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ABSTRACT: Background: Hepatocellular carcinoma (HCC), the most common type of primary liver cancer, is associated with low survival. U.S. studies examining self-reported pesticide exposure in relation to HCC have demonstrated inconclusive results. We aimed to clarify the association between pesticide exposure and HCC by implementing a novel data linkage between Surveillance, Epidemiology, and End Results (SEER)-Medicare and California Pesticide Use Report (PUR) data using a geographic information system (GIS).
Methods: Controls were frequency-matched to HCC cases diagnosed between 2000 and 2009 in California by year, age, race, sex, and duration of residence in California. Potential confounders were extracted from Medicare claims. From 1974 to 2008, pounds (1 pound represents 0.45 kg) of applied organophosphate, organochlorine, and carbamate pesticides provided in PURs were aggregated to the ZIP Code level using area weighting in a GIS. ZIP Code exposure estimates were linked to subjects using Medicare-provided ZIP Codes to calculate pesticide exposure. Agricultural residents were defined as living in ZIP Codes with a majority area intersecting agricultural land cover according to the 1992, 2001, and 2006 National Land Cover Database (NLCD) rasters. Multivariable conditional logistic regression was used to estimate the association between pesticide exposure and HCC.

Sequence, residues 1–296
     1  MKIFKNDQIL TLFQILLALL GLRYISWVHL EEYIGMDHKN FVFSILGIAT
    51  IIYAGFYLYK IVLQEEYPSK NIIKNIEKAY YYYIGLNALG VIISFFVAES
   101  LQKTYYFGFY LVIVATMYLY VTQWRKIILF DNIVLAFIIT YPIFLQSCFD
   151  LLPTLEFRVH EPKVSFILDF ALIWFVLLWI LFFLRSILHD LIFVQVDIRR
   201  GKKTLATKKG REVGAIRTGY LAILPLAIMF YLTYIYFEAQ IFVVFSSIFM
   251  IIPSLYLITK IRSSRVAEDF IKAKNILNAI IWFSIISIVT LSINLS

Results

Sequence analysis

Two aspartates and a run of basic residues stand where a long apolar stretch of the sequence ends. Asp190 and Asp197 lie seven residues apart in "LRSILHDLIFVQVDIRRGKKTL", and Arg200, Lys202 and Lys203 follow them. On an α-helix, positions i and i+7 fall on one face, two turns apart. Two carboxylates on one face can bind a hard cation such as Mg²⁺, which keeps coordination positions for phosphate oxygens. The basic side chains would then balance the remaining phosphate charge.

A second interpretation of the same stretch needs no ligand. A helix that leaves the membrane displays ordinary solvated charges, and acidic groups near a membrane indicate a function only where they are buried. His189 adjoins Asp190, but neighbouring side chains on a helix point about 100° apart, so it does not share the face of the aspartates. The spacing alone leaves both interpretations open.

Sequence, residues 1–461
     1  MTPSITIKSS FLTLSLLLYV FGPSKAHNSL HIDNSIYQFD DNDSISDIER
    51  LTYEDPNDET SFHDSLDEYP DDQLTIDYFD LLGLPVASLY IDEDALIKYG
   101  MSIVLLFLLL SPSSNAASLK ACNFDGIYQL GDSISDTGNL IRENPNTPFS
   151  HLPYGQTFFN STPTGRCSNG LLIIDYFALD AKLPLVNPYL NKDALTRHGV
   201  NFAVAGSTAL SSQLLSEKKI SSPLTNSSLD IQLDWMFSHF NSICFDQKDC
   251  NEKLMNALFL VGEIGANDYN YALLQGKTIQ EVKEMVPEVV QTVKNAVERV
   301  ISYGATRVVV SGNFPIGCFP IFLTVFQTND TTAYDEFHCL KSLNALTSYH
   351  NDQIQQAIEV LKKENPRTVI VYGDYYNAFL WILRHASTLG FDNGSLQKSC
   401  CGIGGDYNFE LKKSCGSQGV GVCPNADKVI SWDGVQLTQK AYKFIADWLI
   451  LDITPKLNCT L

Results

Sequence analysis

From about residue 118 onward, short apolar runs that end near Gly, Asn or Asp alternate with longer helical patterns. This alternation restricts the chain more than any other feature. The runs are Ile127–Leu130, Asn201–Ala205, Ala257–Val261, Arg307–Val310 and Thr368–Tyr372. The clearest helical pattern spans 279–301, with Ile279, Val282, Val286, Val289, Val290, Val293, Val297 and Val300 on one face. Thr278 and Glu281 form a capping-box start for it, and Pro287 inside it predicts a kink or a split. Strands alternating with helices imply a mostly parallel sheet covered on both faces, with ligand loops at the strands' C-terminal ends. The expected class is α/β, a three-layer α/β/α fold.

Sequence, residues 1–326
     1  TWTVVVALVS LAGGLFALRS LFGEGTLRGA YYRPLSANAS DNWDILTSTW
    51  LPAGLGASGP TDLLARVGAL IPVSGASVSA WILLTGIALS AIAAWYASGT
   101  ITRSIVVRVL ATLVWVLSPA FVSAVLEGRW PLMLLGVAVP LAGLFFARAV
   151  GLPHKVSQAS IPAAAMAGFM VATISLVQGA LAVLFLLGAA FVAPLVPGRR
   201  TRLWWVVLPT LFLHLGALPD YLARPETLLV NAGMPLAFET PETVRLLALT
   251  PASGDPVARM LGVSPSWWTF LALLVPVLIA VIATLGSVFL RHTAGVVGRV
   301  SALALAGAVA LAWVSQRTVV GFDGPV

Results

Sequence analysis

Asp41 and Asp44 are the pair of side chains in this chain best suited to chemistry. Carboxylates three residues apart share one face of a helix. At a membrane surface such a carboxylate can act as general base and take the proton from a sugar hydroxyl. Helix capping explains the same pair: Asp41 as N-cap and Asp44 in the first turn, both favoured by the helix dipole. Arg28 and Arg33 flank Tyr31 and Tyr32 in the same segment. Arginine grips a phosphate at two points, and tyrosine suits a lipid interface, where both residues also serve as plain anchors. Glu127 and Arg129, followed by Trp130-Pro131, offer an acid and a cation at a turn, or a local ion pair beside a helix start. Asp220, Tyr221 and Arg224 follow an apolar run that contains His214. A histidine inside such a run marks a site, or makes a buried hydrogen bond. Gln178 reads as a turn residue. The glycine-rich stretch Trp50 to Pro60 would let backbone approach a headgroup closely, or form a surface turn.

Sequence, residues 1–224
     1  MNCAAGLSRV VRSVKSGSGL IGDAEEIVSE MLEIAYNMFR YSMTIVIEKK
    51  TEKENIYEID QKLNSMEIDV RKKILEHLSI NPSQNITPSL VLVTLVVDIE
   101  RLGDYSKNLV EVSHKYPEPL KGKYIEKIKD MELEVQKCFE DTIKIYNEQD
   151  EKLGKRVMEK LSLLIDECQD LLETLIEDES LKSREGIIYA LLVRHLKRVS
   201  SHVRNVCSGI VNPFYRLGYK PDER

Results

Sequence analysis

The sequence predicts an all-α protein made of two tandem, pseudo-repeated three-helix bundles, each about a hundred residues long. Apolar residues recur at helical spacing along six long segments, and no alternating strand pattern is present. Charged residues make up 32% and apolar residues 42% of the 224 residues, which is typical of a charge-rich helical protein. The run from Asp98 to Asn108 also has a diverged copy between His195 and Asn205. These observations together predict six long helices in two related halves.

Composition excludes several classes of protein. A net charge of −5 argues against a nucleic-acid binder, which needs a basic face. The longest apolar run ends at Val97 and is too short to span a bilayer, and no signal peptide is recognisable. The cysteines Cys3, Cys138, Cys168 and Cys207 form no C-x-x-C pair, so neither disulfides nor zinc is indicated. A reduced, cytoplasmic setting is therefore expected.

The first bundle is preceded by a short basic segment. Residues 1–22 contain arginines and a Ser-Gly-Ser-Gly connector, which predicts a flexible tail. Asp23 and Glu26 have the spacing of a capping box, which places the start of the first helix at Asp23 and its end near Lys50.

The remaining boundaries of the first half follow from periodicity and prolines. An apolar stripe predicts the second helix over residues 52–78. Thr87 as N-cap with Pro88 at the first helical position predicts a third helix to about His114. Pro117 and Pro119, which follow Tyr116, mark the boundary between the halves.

Results: Among California residents of agriculturally intensive areas, previous annual ZIP Code-level exposure to over 14.53 kg/km2 of organochlorine pesticides (75th percentile among controls) was associated with an increased risk of HCC after adjusting for liver disease and diabetes (adjusted odds ratio [OR] 1.87, 95% confidence interval [CI] 1.17, 2.99; p=0.0085). ZIP Code-level organochlorines were significantly associated with an increased risk of HCC among males (adjusted OR 2.76, 95% CI 1.58, 4.82; p=0.0004), but not associated with HCC among females (adjusted OR 0.83, 95% CI 0.35, 1.93; p=0.6600) (interaction p=0.0075).
Conclusions: This is the first epidemiologic study to use GIS-based exposure estimates to study pesticide exposure and HCC. Our results suggest that organochlorine pesticides are associated with an increase in HCC risk among males but not females.